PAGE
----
In 14 years together as a group, rhythms get to be familiar. This thematically was what I was getting at in the preview piece I wrote for the San Antonio Current of The Bad Plus' show last night at San Antonio's Aztec Theater. There's a sense of familiarity in the rhythm, a knowledge of direction. When I asked them how they do what they do, for example, in Reid Anderson's composition, "Physical Cities" off 2007's Prog (a song the trio unfortunately didn't play last night, something just a tad too complicated and a little too far back in their catalog to perform with the level of precision these guys are proud to demonstrate in every show), while I expected some sort of breakdown of specific counting, a lesson of polyrhythms that couldn't possibly have been conveyed to such a tender-minded admirer in the span of time of the tail end of a dinner break, Iverson jokingly answered they did so through telepathy. One might over 14 years of playing together and building such a body of work, most recently with Inevitable Western on the Sony-OKeh label, seriously consider that as a possibility.
One of the albums of this past summer has definitely been Mark de Clive-Lowe's CHURCH. It's a work that masterfully melds jazz and a cadre of other genres. We've definitely taken a shining to it here at Nextbop. Now, just on the arrival of CHURCH's new coppability on limited edition180-gram vinyl for sale at his Bandcamp, de Clive-Lowe has just released video for "Sketch for Miguel" featuring the maestro Miguel Atwood-Ferguson (who has finally released his own solo material on his own namesake and with his Quartetto Fantastico, both of which I should probably have). Check out the video for this most chill (until it reaches to ethereal heights) song after the jump.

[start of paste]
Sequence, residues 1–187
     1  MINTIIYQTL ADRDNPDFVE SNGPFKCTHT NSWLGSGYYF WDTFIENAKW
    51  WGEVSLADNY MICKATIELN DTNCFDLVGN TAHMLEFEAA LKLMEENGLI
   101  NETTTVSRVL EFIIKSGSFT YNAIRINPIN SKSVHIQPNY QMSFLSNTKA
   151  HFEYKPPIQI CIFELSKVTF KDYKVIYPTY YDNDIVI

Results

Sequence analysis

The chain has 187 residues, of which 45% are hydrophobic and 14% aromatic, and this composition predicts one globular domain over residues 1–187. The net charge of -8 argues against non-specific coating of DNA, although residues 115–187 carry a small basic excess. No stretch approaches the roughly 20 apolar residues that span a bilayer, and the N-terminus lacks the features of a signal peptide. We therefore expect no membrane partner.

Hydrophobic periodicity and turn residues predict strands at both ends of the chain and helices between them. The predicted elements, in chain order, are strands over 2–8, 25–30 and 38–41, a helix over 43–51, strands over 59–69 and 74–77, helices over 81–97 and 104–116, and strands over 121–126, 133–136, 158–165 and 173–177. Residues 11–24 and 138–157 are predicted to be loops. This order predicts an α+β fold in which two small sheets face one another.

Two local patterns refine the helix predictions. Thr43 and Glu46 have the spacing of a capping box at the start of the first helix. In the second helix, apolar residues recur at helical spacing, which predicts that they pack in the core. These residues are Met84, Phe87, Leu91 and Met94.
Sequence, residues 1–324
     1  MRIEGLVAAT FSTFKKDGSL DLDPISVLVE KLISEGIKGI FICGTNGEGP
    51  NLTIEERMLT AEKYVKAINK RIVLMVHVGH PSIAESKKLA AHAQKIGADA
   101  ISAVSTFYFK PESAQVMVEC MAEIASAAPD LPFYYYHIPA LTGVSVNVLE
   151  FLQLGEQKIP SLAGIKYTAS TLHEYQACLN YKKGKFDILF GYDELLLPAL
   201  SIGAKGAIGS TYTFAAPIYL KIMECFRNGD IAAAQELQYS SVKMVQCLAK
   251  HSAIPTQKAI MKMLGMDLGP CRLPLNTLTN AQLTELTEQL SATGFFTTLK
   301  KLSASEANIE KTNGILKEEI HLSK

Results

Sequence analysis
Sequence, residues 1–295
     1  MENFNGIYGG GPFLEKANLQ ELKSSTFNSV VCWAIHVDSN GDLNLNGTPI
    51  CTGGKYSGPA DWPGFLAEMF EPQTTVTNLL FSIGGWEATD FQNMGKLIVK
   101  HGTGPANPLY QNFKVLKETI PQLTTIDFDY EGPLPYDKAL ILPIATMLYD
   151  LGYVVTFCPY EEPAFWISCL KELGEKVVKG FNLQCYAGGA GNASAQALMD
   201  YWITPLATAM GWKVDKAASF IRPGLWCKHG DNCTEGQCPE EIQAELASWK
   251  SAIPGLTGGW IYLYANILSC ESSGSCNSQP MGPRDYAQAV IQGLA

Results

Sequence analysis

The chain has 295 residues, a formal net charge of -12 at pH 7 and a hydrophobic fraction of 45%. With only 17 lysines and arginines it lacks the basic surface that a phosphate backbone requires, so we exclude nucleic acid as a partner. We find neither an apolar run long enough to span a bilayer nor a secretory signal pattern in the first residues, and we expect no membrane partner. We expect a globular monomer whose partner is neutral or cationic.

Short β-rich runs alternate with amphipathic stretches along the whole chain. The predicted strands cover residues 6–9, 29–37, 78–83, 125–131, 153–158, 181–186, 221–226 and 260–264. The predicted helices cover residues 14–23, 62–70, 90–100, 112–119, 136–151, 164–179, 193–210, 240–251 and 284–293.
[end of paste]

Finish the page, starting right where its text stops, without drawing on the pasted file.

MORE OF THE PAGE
Medeski, Martin, & Wood recently teamed up with guitarist John Scofield for their fourth album together as a quartet, Juice. As you might expect, the album features mostly hard-grooving tracks with plenty of Medeski on the organ. This time around there is more acoustic piano in the mix than in previous outings with Scofield, but otherwise these four have found a very comfortable groove and can run with it. They recently released their first video from Juice, for a tune they’re calling "Juicy Lucy" (presumably a play on "Louie Louie", which you can be excused for thinking this sounds like a cover of, even if it’s an old Cuban riff according to the artists). The video features two couples dancing in their home, one of which is Billy Martin’s parents, and intersperses some performance footage. Check it out after the jump.
There is nothing wrong with Jochen Rueckert's new album We Make The Rules. Rueckert is on the drums and is joined by a fantastic group of musicians - Mark Turner on sax, Matt Penman on bass, and Lage Lund on guitar - to round out his quartet. Rueckert has been based in New York City since 1995 and has played with many of the leading voices in jazz during that time (Kurt Rosenwinkel, Sam Yahel, Will Vinson, Mark Copland, and Seamus Blake, among others), but is a relatively low-profile name despite his top-notch chops on display here. This quartet has been together for several years and reconvened to record these songs in the studio after road-testing them and working out the kinks (in fact, Rueckert, Penman, and Turner also played on Rueckert's 2011 album somewhere, meeting nobody, along with guitarist Brad Shepik). All of the songs on We Make The Rules are Rueckert originals, and all of the tunes are very "contemporary jazz", if that is a reasonable term to use, giving the album a unified feel.